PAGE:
Citizens of other European countries who come to live in England are often perplexed by the hysterically anti-EU tone of much of the tabloid Press. It’s been going on for years and continues unabated, lately supplemented by the propaganda drive for a “Brexit”: leaving the European Union as a result of what proponents hope would be a decisive vote in an In-Out referendum, currently envisaged by Mr Cameron’s Conservatives as taking place in 2017 (on the assumption that they will still be in power). This is not the most helpful atmosphere in which to run up to the 2014 European elections, which will take place in the UK on 22 May, the same day as the London borough council elections and many other local contests. So it was timely of Europe House — headquarters of the European Commission Representation and European Parliament London office — to host an event yesterday on the British Media and the EU. Interestingly, though there is no lack of journalists paid by their newspapers to write negative stories about the EU — not least for the Daily Express and Daily Mail — none of them had been able or willing to take part in the event’s two panels, chaired by David Aaronvitch of The Times. So there was a bias in favour of the shocked and dismayed that was equally evident in the large audience. We heard from members of the French and Dutch Press, as well as the Economist, with more political speeches from Catherine Bearder (LibDem MEP for South East England) and Evan Harris (former LibDem MP, representing Hacked Off). I suggested that some of the anti-EU bile produced by the British tabloids was attributable to xenophobia: the insular Little Englander’s contempt for The Other, “them” rather than “us”, Brussels being the ultimate “them”. A young man from YouGov polling agency made the sensible point that whereas a sizable proportion of the British electorate says it does want a referendum and the Outs currently outpoll the Ins, unless there is some sort of renegotiation/reform, Europe is way down the public’s list of priorities. Jobs, the economy, public services etc are much more of concern, and even if the EU is indeed related to the former, the public does not necessarily make the connection.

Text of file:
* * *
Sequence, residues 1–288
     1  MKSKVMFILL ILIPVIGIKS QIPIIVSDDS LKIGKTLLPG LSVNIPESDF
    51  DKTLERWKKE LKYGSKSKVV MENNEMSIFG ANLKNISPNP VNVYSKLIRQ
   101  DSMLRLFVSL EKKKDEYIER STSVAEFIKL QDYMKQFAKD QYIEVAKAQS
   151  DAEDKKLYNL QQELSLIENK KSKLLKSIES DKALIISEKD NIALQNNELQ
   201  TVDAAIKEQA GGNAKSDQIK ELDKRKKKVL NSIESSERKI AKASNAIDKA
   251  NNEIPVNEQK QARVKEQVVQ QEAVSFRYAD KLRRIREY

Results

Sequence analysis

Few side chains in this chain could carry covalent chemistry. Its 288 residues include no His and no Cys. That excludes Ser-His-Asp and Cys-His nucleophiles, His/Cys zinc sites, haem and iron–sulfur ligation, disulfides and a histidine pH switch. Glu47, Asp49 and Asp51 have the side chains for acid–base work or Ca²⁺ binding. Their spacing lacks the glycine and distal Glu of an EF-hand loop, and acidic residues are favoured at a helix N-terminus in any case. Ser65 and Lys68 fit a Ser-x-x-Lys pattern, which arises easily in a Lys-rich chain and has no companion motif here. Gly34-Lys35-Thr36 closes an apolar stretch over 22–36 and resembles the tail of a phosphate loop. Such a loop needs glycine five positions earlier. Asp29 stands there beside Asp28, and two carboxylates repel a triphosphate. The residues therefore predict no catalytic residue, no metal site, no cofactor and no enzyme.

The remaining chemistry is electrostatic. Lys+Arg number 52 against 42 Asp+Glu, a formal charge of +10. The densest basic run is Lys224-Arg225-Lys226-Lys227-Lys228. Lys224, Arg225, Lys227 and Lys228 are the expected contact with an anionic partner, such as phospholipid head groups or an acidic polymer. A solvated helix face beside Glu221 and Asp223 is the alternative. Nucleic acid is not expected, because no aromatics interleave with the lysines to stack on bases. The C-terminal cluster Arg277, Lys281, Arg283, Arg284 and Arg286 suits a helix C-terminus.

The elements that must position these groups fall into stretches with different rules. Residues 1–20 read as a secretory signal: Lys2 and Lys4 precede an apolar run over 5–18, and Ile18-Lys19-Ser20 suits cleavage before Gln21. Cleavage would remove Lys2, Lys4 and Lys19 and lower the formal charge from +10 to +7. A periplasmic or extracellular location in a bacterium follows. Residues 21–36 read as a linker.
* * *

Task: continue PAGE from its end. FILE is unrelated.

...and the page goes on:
Posted by jonathanfryer on Monday, 22nd July, 2013